Since 2005 the PKK, inspired by the strategy of the Zapatista rebels in Chiapas, declared a unilateral ceasefire with the Turkish state and began concentrating their efforts in developing democratic structures in the territories they already controlled. Some have questioned how serious all this really is. Clearly, authoritarian elements remain. But what has happened in Rojava, where the Syrian revolution gave Kurdish radicals the chance to carry out such experiments in a large, contiguous territory, suggests this is anything but window dressing. Councils, assemblies and popular militias have been formed, regime property has been turned over to worker-managed co-operatives – and all despite continual attacks by the extreme rightwing forces of Isis. The results meet any definition of a social revolution. In the Middle East, at least, these efforts have been noticed: particularly after PKK and Rojava forces intervened to successfully fight their way through Isis territory in Iraq to rescue thousands of Yezidi refugees trapped on Mount Sinjar after the local peshmerga fled the field. These actions were widely celebrated in the region, but remarkably received almost no notice in the European or North American press.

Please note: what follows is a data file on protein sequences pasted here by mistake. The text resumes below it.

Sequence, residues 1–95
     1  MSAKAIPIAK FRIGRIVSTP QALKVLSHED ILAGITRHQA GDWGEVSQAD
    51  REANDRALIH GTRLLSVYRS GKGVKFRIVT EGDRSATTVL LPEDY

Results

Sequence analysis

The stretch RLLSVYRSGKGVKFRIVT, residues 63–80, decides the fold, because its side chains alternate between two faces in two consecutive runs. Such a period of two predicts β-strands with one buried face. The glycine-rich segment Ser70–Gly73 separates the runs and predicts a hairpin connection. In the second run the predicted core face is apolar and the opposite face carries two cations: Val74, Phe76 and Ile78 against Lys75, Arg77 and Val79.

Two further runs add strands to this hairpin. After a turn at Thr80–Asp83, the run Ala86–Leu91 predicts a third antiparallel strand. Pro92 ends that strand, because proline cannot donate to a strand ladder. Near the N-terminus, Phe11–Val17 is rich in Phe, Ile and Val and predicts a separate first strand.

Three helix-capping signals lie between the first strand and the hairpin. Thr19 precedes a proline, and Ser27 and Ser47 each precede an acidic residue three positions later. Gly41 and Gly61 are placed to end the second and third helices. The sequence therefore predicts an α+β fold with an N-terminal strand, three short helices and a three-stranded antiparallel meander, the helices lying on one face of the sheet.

Now, Isis has returned, with scores of US-made tanks and heavy artillery taken from Iraqi forces, to take revenge against many of those same revolutionary militias in Kobane, declaring their intention to massacre and enslave – yes, literally enslave – the entire civilian population. Meanwhile, the Turkish army stands at the border preventing reinforcements or ammunition from reaching the defenders, and US planes buzz overhead making occasional, symbolic, pinprick strikes – apparently, just to be able to say that it did not do nothing as a group it claims to be at war with crushes defenders of one of the world’s great democratic experiments.